Communicating science to the physicists of the future

In my mind, part of my role as a scientist is to help people see just how magical a subject physics really is. There aren’t many subjects than describe the birth of a star, insides of an atom and chemical composition of the atmosphere.

Physics makes maths worth the effort, turns computer codes into languages that can explain the world, and makes chemistry look like kitchen science.

Science communication in academic circles concentrates on convincing people that you’re right; you’ve answered a key question and deserve all the publications and funding for doing so. However, science communication to the next generation is much more fun than that.

Communicating science to the next generation opens the door to your lab (literally or metaphorically), and shares just a little bit of your enthusiasm. I do this on an almost daily basis, crossing the campus and capital to communicate what I love most. It’s a tough gig but the sense of happiness and pride you get when a student asks a question, at the end of a talk, or in an email several weeks later, is the best feeling in the world.

The biggest project I’ve arranged was with Greenlight4Girls, where I invited 200 girls into the Blackett Laboratory for a day of 18 industry- and academic-led workshops and seminars. #g4gImperial was the first ever Greenlight4Girls event in the UK and saw girls playing with an enigma machine, extracting DNA from strawberries and learning about particle accelerators with beach balls.

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A mural from the Greenlight For Girls event, looking to encourage more young girls into studying science (Photo: Jess Wade)

It was a huge project, from finding funding for lab coats and food for the masses, designing science exercise books and photo-booths to getting this all approved with campus security. I didn’t expect it to be easy, but nor did I anticipate how tricky controlling the sign-ups (we had 350 applications), liaising with the parents, arranging WiFi logins or convincing volunteers would be.

I ploughed on regardless: I made sure it didn’t interrupt work-time by spending an hour or two an evening (and a morning) processing emails, sorting kit and storing my many packages. Somehow it worked – not only did the students, parents, workshop leaders, Imperial professors and group leaders leave SW7 with a scientific spring in their step, but 100 % of the girls now want to apply to Imperial.

Since then, I’ve hosted another 200 on campus for a panel discussion about pathways to scientific careers, ‘Routes to STEM’ with the STEMettes – slightly lower key organisation-wise but just as high impact.

For me, 2016 welcomes a whole range of exciting new challenges: collaborations with the IOPuniversity extension projections, judging at the final of UK Space Design Competition, arranging Women in Physics conferences with schools across the country and working with the WISE Campaign.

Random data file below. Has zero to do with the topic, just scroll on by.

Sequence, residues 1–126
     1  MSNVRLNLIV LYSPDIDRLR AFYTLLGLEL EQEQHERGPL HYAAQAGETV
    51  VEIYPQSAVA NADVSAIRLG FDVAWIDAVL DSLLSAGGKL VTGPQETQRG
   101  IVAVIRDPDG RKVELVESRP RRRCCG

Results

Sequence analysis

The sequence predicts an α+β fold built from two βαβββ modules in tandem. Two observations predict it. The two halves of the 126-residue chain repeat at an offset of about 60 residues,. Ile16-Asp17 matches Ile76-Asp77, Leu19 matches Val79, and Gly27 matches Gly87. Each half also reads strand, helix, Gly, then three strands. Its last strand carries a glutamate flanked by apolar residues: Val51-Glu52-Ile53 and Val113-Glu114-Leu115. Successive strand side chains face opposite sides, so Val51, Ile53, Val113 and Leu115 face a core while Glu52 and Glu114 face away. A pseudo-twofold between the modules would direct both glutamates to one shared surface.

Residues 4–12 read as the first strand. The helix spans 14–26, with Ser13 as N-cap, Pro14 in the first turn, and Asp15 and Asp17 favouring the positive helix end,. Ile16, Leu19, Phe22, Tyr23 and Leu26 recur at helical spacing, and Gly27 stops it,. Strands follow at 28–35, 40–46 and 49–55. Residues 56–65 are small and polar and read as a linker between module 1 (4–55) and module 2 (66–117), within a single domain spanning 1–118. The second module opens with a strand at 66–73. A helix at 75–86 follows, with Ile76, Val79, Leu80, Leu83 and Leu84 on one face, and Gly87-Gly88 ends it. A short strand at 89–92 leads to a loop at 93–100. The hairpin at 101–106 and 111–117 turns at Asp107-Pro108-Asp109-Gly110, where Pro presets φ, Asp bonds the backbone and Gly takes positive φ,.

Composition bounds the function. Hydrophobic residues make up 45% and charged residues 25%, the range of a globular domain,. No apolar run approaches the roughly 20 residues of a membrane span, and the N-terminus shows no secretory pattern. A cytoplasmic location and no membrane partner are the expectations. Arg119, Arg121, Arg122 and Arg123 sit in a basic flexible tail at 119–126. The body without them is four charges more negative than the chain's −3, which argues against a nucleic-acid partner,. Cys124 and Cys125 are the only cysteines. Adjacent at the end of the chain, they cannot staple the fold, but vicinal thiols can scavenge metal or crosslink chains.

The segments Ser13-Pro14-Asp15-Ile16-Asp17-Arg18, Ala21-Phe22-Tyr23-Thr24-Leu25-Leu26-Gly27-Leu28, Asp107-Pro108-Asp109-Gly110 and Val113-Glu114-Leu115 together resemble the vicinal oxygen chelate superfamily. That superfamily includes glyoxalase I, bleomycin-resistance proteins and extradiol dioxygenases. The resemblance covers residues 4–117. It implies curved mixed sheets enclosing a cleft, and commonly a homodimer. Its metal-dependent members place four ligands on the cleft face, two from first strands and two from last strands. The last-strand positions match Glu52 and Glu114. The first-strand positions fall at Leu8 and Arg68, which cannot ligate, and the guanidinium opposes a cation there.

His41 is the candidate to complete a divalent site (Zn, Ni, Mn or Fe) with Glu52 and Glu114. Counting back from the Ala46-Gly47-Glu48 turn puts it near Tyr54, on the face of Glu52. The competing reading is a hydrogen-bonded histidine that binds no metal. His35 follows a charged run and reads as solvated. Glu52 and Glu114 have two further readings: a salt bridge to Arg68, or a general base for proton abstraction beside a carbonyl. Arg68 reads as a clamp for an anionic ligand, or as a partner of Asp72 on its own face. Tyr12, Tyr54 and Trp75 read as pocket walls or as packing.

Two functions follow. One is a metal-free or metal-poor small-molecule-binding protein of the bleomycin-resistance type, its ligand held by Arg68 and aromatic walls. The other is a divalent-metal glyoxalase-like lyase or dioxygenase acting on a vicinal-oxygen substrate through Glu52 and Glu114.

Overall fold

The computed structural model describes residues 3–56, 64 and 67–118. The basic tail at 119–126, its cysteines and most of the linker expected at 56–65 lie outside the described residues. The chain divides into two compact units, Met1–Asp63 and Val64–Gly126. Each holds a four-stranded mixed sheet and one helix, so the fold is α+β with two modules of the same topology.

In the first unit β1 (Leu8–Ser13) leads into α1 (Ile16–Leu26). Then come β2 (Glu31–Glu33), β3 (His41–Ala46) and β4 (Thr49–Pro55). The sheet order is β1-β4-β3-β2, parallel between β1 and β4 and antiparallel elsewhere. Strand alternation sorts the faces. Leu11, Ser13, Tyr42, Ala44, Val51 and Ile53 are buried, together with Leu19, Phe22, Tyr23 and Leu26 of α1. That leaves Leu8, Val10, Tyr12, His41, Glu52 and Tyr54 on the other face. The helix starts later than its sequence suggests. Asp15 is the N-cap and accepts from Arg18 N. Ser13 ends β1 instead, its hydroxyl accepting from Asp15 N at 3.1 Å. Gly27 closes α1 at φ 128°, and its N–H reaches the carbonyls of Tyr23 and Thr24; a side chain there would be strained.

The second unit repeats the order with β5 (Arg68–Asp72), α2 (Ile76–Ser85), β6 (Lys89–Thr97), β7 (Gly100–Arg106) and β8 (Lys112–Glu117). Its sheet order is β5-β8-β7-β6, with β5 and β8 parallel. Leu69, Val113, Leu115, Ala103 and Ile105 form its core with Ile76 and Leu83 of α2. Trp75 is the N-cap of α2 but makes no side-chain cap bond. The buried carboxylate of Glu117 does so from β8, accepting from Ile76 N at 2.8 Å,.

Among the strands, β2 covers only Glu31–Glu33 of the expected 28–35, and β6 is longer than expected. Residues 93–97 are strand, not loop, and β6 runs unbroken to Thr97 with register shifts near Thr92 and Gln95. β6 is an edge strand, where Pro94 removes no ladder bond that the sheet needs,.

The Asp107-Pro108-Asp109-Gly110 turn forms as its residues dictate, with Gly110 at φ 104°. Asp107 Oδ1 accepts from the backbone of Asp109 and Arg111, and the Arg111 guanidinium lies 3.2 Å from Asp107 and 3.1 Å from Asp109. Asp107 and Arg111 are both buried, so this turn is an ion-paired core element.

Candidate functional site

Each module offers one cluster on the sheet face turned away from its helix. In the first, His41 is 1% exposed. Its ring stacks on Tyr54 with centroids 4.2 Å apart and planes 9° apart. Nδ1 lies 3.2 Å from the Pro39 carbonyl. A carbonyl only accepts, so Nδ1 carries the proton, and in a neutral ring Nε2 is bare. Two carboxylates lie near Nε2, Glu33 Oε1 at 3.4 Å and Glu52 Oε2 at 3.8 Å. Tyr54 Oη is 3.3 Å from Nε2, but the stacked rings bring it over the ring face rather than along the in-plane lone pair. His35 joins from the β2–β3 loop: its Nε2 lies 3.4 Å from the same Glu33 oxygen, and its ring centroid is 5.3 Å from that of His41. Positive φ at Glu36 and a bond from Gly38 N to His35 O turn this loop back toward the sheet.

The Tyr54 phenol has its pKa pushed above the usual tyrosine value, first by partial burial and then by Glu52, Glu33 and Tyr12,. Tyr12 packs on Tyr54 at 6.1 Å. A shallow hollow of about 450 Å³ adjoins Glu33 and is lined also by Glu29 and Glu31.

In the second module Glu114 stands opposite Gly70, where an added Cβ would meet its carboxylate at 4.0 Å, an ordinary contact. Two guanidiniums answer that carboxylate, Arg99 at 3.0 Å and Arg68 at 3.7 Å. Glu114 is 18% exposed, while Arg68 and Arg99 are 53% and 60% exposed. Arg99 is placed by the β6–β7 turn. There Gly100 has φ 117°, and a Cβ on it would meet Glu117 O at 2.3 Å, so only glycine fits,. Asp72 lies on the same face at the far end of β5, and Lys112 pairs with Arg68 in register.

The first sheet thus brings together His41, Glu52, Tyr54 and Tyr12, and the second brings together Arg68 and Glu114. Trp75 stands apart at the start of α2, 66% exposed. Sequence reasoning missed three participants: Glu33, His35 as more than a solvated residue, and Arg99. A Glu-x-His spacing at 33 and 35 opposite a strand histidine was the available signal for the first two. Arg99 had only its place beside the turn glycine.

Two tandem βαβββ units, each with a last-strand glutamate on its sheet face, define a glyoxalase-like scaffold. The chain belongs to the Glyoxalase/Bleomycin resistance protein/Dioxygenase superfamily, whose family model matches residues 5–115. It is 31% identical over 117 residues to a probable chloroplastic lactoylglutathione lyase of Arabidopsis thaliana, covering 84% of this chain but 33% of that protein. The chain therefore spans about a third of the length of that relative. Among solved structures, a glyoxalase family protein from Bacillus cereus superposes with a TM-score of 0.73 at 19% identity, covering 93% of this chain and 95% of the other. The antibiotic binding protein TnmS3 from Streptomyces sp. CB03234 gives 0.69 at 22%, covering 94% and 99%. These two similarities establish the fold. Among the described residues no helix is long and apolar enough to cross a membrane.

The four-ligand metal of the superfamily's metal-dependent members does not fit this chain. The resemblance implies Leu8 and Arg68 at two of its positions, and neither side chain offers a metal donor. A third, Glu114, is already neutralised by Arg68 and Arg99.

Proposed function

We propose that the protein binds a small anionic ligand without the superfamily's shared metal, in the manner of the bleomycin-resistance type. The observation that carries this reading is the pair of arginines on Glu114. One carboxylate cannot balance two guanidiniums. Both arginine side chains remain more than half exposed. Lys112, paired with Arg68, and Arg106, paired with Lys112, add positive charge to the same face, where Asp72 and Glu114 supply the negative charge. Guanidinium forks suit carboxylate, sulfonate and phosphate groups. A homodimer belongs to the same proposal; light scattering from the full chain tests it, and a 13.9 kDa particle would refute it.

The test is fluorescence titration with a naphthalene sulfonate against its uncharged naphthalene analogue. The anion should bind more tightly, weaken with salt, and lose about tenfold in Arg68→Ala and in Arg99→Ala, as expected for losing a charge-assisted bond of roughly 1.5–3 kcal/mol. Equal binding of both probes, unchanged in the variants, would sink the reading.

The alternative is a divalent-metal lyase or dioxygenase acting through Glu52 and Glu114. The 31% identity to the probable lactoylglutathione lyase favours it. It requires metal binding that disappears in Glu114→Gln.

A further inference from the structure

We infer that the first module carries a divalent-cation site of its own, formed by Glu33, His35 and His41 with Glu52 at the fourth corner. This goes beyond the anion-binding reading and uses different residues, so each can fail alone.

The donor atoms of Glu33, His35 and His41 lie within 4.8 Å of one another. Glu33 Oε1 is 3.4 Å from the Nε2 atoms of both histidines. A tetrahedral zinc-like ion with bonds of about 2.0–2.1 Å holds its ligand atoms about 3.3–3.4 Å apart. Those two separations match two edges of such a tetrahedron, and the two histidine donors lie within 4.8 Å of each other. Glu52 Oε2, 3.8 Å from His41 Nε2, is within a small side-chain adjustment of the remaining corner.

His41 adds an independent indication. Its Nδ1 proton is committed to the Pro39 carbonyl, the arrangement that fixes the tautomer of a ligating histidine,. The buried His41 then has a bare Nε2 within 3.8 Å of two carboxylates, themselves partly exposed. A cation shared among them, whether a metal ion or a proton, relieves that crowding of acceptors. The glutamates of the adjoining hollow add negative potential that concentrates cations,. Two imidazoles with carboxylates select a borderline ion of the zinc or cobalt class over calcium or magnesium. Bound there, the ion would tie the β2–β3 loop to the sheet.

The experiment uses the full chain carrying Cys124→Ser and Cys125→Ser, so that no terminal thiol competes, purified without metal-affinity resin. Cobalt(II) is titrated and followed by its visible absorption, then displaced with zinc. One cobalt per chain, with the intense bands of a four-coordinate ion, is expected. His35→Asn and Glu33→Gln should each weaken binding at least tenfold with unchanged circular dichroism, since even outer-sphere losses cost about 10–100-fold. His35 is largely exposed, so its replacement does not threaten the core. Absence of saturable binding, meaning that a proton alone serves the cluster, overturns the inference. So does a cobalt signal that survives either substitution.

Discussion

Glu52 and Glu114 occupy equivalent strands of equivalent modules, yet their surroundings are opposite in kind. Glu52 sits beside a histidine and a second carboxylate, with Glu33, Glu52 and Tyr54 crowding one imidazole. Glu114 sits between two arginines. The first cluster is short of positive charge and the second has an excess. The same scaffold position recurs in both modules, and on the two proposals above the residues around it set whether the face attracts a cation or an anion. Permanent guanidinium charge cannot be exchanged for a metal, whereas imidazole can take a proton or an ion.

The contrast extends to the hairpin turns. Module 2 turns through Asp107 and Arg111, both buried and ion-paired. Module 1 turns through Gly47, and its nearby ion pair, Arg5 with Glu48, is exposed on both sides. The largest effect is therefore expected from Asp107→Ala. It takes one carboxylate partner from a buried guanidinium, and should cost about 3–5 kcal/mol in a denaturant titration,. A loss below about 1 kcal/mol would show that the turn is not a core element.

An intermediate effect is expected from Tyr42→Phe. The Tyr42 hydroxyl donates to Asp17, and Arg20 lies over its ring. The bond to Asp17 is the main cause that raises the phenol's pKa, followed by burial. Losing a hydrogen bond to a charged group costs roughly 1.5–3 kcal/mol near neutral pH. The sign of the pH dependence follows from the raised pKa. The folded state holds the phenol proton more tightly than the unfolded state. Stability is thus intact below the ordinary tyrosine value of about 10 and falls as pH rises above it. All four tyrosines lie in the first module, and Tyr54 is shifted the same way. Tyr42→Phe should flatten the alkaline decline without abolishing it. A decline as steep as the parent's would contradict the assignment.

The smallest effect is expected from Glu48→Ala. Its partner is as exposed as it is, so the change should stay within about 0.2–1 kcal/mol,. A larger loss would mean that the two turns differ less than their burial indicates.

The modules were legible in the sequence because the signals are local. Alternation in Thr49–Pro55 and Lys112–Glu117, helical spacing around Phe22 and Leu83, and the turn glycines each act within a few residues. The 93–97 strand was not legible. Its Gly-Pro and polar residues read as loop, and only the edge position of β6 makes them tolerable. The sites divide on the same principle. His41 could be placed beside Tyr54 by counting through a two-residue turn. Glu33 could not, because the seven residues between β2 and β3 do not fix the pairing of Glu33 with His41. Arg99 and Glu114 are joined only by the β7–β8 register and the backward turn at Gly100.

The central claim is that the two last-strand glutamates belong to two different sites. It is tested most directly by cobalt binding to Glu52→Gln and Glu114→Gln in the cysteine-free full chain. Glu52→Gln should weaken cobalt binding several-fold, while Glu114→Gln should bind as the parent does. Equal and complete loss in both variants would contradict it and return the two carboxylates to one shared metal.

'Meet the Stemettes' panel event @ Imperial College - Visit
‘Meet the Stemettes’ panel event @ Imperial College – Visit

There are about a thousand positive reasons why you should consider communicating the science you enjoy and the passion you have to the next generation, and often these reasons will manifest themselves in thousands of different ways; there’s the girl you spoke to at a school a year ago who emails to say she’s working with a space scientist, there’s the parent who gets in touch to say what an inspirational time their children had at your event, there’s the individual letters from everybody in a class thanking you for a visit.

The next generation don’t need science: science needs them. We need people to design the complicated systems and infrastructures of the future… they’re waiting in classrooms across the country, and we just need to share the passion we already have for science with them. The rewards are endless, and definitely make all the hard work worthwhile.

Please do not hesitate to contact me if you want any advice or to be put in touch with anyone. Currently, Imperial are running a range of projects to excite students still at school about science, you can find out all about their upcoming outreach events here.

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Jessica Wade

Jessica Wade

Jess is a postdoctoral researcher in the Department of Physics and Centre for Plastic Electronics at Imperial College London, where she makes circularly polarised organic light emitting diodes.

Throughout her career in research she has been involved in projects to support gender inclusion in science. Jess works with the Institute for Research in Schools and Institute of Physics to try and support teachers and students across the country.
Jessica Wade

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